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Lookout Safe Browsing Keeps Android Safe From Phishing

Lookout Mobile Security's new Safe Browsing feature stops phishing scams and malicious links from affecting your phone.

If you own a smartphone, you probably do quite a bit of web browsing on it. But how many times have you actually checked to see whether the links you click on are safe or not? Believe it or not, your smartphone is prone to phishing scams, malicious sites and drive-by downloads, just like your PC. Luckily, Lookout Mobile Security has your back with its new Safe Browsing feature.

Malicious sites try and trick people into entering personal information about themselves or, even more annoying, can automatically download malware to your phone. Because of a phone's smaller screen, users are three times more likely to click on a suspicious link than if they are using a PC (Trusteer Report, January 2011).

Available for both trial and premium users of Lookout Mobile Security ($3/month or $30/year), Safe Browsing reviews every website in real time before the site loads to confirm whether it is safe or malicious.

I got some hands-on time with the new feature last week at Lookout's offices, and I was impressed with how unobtrusive the scan is. When you go to a new site, you'll see the small Lookout logo (a green shield) in your notifications bar. That indicates that the site has been scanned and it is safe for browsing. When you hit a malicious site, Safe Browsing will alert you that you hit a bad site and then block access to the site automatically. It will also work within the Facebook app if you happen to accidentally click on one of those oh-so-prevalent malicious links that promise to show you Bin Laden's body or something equally silly.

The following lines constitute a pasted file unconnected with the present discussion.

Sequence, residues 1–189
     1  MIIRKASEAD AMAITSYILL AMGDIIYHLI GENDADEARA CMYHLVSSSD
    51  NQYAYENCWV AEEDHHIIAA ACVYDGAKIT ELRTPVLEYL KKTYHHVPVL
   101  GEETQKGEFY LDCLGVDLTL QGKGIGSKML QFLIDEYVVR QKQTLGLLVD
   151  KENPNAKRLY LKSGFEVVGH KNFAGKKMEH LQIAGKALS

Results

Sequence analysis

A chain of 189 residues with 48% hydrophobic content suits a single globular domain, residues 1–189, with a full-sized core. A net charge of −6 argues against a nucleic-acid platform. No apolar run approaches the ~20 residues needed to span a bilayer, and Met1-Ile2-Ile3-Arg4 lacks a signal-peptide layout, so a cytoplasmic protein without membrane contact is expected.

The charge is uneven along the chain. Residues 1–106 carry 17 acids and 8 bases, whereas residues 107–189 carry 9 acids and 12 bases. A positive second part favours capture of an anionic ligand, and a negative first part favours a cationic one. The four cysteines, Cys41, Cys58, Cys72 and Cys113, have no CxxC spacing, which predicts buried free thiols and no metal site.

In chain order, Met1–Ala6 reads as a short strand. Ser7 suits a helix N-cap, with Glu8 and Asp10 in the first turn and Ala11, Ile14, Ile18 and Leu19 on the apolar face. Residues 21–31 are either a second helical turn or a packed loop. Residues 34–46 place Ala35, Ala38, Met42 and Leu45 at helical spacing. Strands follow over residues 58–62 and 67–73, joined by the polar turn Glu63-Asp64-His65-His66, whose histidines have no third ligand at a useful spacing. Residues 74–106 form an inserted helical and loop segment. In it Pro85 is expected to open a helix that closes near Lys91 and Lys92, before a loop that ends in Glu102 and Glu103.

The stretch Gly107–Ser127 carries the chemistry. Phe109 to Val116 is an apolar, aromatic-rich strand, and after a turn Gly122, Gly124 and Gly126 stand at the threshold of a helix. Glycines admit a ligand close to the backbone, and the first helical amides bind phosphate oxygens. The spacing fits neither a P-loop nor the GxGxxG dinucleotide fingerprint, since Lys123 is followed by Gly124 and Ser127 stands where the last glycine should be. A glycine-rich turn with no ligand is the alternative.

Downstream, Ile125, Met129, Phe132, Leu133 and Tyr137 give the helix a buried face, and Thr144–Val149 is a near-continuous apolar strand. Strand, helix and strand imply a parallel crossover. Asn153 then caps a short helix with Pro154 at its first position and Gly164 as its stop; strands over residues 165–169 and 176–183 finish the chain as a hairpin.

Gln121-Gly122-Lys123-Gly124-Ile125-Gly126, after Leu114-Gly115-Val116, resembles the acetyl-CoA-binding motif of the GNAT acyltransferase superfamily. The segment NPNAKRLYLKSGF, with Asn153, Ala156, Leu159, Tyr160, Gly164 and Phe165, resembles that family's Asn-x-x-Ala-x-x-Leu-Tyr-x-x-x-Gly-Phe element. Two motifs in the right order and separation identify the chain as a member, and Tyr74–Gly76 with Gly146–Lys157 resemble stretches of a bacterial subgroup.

One of PCWorld's Top 100 Tech Products of 2010, Lookout Mobile Security can do everything from track and locate a missing phone to perform individual app virus scans. One of the things I like best about the app is that you don't have to worry about whether you have the right security settings on or constantly run manual scans on your phone.

Even if you don't want to throw down $3/month for the premium version, every Android phone should at least have the free version. As Android malware becomes a bigger problem, it is an absolute no-brainer to download some sort of virus protection on your smartphone.


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